Toi Te Ora Public Health is reminding people to be aware of water contamination this summer to minimise the risk of tummy bugs, sore throats and skin infections.
Swimming and collecting shellfish is a favourite pastime for many and while it is safe to do so in many of the Bay of Plenty’s estuaries, beaches, rivers and lakes – it’s important to know when it is not safe, how to recognise signs of water contamination, and where to find local warnings.
Medical Officer of Health Dr Jim Miller says our regional and district/city councils keep a close eye on the water quality of our bathing spots throughout summer, regularly testing for bacterial contamination from human or animal faeces, and for bacteria that causes blue-green algae or algal blooms.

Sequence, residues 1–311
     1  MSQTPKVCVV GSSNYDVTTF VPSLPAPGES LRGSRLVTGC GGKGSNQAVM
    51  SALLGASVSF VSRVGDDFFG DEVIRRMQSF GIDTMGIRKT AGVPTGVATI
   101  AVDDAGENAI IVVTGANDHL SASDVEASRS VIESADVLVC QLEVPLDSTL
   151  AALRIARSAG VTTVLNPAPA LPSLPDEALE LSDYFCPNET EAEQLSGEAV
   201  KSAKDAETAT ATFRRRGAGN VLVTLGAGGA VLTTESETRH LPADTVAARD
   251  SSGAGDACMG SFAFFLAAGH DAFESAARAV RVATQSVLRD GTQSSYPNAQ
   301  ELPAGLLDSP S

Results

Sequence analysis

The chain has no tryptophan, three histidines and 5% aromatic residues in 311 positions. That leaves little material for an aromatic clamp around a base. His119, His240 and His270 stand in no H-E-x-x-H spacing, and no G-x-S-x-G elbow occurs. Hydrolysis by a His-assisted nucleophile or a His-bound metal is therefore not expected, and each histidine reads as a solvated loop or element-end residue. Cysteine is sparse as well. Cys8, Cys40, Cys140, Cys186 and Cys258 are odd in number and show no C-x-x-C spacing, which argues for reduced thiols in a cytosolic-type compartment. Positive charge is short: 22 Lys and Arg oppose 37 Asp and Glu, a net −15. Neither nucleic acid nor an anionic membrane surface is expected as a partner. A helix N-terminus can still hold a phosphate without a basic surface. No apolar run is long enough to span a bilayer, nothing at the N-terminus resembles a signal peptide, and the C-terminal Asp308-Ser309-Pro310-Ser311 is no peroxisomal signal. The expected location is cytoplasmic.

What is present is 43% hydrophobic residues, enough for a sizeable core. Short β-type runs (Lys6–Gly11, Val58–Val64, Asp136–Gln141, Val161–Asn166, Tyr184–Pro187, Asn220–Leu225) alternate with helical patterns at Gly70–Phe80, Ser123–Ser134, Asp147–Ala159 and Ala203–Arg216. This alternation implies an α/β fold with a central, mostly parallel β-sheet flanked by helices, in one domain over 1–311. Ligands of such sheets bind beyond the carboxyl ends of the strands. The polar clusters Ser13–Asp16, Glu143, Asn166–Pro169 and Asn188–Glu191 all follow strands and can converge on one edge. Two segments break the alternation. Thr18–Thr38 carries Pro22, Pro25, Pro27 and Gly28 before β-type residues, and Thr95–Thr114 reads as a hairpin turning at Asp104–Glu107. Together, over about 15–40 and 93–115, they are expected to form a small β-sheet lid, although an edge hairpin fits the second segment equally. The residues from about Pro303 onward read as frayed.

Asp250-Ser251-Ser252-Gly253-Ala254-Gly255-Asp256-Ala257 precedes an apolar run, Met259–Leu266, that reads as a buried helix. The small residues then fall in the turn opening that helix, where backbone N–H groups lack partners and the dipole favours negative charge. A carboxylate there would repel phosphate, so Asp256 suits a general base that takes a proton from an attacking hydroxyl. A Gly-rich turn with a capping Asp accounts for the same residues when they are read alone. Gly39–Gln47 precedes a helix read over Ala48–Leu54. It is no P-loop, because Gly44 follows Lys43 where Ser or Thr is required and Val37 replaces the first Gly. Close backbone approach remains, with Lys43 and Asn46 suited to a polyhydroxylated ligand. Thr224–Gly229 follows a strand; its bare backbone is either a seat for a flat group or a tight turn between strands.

“If a recreational water site is found to be significantly contaminated with risk to public health, Toi Te Ora informs the public by issuing a health warning and the local council erects warning signs.”
Current local health warnings can be found at: www.toiteora.govt.nz/health_warnings
However, testing points are limited and Jim says it’s important to check any water before you use it.
“The Bay of Plenty and Lakes region is a big place with lots of opportunities for using the water. Look before you leap – if the water looks discoloured, smells unusual, or if there is scum or leathery mats of black or brown algae on the surface of lakes or on the beds of rivers, swim or play somewhere else and don’t eat shellfish from the area.
“After rainfall, water is likely to be contaminated with animal faeces from rural and urban run-off. As a precaution, avoid swimming in rivers, streams, lakes or estuaries for 48 hours after heavy or prolonged rainfall.”
Jim says it is also best to avoid swimming and collecting shellfish near pipes or culverts that run down to a waterway where stormwater is discharged, and near wharves and marinas.